Pros and cons of the Minimum Income Guarantee Scheme

Alok Ray | Updated on April 16, 2019

MIGS is a good idea with the proverbial ‘devil in the details’. Hopefully, the problem areas would be tackled at the pilot stage

India is taking baby steps towards some variant of Universal Basic Income (UBI). First, in response to widespread farmers’ agitation, the PM-KISAN scheme was announced by the Central government to provide ₹6,000 a year to farmers holding less than two hectares of land. Several State governments (like Telangana, Odisha and West Bengal) have also announced their own farmer cash transfer schemes. Next comes the Minimum Income Guarantee Scheme (MIGS or NYAY) announced by the Congress party just a few weeks before the general elections, which promises to pay ₹6,000 per month to the poorest 20 per cent households.

The basic logic behind all these schemes of unconditional cash transfer (though at the moment targeted only at farmers or households below some landholding or income threshold; unlike UBI which should include all people, including Mukesh Ambani) is to provide a minimum guaranteed income to the economically most vulnerable groups.

Though this is a laudable objective, the implications need to be analysed clearly.

First, any targeted cash transfer scheme (unlike UBI) suffers from the so-called inclusion and exclusion errors. For example, given the incomplete and faulty land records, identifying farmers with landholdings below two hectares would be subject to errors. In doubtful cases, the local officials would have to accept the certification by the elected village sarpanch who, in turn, would be guided by electoral compulsions to include as many voters as possible (even if ineligible), with possible exclusion of his known political opponents as a way of ‘punishing’ or ‘converting’ them.

The same problem will be there for determining the eligible ‘poor’ households under the proposed NYAY. Using any household survey or census data for determining income of households is defective to the extent people naturally under-report their incomes when they know that in future their eligibility for government subsidies/transfers depends on this information. In the past, in some States the number of BPL cards issued exceeded the population of the State! A full-fledged UBI is free from these errors.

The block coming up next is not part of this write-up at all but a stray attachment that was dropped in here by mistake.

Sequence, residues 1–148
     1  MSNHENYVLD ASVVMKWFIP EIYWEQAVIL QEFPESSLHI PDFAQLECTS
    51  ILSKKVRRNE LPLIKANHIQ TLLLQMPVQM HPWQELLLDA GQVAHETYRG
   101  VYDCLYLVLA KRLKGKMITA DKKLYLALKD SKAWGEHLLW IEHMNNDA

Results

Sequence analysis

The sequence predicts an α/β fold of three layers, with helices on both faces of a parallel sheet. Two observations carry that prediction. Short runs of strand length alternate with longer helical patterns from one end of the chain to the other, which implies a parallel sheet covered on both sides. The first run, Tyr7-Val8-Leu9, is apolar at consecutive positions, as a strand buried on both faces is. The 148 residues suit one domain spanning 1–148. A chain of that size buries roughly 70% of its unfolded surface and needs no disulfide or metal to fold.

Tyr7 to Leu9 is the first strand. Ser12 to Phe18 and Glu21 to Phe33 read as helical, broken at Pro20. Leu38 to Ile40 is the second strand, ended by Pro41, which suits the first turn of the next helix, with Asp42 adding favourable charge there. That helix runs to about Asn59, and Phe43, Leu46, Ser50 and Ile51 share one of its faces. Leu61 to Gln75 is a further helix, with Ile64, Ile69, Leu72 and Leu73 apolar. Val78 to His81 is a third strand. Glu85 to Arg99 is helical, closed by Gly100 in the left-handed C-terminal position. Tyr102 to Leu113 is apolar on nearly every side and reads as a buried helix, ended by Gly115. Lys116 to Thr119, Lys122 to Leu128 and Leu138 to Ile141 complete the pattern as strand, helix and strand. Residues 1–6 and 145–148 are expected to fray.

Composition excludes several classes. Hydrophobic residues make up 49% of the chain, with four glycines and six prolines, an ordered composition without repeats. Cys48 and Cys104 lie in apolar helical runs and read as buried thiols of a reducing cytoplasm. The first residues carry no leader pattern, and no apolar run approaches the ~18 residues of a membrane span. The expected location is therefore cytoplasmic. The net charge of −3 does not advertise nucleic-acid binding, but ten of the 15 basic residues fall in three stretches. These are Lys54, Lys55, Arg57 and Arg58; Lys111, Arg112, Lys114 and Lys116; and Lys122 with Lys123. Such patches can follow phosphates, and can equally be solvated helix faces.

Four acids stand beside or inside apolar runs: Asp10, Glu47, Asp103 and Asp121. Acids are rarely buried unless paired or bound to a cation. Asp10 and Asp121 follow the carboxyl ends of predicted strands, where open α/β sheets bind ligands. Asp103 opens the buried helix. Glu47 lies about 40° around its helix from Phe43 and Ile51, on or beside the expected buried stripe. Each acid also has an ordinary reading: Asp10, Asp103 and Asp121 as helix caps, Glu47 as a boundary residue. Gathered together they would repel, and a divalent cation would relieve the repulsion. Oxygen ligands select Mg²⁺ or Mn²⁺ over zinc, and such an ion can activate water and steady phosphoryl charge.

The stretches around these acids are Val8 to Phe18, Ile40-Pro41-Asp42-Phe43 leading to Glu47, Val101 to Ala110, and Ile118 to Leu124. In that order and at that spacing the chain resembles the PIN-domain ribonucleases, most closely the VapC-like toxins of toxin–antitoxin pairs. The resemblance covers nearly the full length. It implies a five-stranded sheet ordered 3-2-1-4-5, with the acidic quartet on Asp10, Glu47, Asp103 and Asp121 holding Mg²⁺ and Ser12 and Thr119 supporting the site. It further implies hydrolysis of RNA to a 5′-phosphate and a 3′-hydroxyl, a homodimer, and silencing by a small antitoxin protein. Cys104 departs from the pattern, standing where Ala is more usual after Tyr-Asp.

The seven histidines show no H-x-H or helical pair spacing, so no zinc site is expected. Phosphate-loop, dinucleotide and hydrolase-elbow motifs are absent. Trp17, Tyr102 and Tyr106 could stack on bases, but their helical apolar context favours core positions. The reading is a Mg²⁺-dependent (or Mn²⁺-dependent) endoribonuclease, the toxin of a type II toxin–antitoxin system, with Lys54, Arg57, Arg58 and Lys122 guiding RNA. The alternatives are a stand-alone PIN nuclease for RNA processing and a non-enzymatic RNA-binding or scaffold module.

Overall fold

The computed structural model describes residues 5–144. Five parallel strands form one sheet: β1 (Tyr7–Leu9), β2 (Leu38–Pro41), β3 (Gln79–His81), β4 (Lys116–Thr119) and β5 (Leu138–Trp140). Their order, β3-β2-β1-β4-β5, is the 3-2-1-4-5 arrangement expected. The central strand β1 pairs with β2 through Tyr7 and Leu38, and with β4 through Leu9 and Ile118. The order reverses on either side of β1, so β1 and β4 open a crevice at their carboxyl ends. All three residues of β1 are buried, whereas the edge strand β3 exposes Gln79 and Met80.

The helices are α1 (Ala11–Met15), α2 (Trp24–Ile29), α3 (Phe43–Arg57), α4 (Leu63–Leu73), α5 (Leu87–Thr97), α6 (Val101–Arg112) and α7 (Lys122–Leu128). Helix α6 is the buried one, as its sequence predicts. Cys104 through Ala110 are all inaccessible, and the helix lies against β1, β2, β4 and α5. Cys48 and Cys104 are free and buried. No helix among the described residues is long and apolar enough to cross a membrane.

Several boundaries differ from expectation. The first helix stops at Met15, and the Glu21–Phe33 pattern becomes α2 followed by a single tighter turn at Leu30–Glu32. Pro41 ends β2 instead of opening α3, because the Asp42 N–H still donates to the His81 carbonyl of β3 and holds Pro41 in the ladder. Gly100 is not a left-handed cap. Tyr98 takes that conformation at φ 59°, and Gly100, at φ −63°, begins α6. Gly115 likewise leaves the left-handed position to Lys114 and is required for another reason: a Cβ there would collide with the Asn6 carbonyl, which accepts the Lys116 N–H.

Next is fiscal feasibility. If any such scheme is an add-on, it would involve additional government expenditure. So, the choice boils down to running a bigger fiscal deficit or imposing new taxes (like agricultural income tax, wealth tax, inheritance tax, capital gains tax or removing existing tax concessions to business) or cutting down supply of subsidised goods/services like food, fertiliser, water, education, health services or development spending. The final choice in this trade-off would be decided by the coalition of political forces.

Work effort

Will there be adverse consequences for work effort by the beneficiaries? If it were a true UBI, then the recipient would retain the cash, even if he has a high paying job and hence there would be no adverse impact on work effort. But, in the proposed targeted cash transfer scheme for the ‘poor’, the beneficiary would lose the benefit if his income goes above the threshold. That may induce some ‘poor’ people accustomed to a very low standard of living to take it easy by living on the free cash without taking up any job which would take him above the threshold. Of course, one may argue that if a person decides to do that, this is his choice and we should not complain.

Possible hike in inflation is a concern expressed by some commentators. Any additional cash transfer would add to demand but in an excess capacity situation, it may also bring about a rise in supply, moderating the price increase. Even if prices rise to some extent, this is a consequence of a better income distribution which we should welcome. Even after the price rise, the people receiving the cash transfer would be better off in the net sense while others would be worse off.

‘Sin’ goods

Some worry that the free cash would encourage poor people to increase their spending on ‘sin’ goods like alcohol and tobacco. In Latin America, Africa and also in some States in India, randomised control studies do not show any such impact to any significant extent. Also, if the cash is sent directly in the bank account of a female member of the family, it would mean some financial empowerment for the woman and greater likelihood of extra money being spent on food, clothing, education and health for the household.

To sum up, MGIS is a good idea with the proverbial ‘devil in the details’. Hopefully, the problem areas would surface at the pilot stage and would make the administration better equipped to tackle the issues as the scheme is gradually rolled over the entire country. A hypothetical ‘ideal’ solution should not be the enemy of an initiative which would improve lives of a large number of people.

The author is a former Professor of Economics, IIM Calcutta.

Published on April 16, 2019

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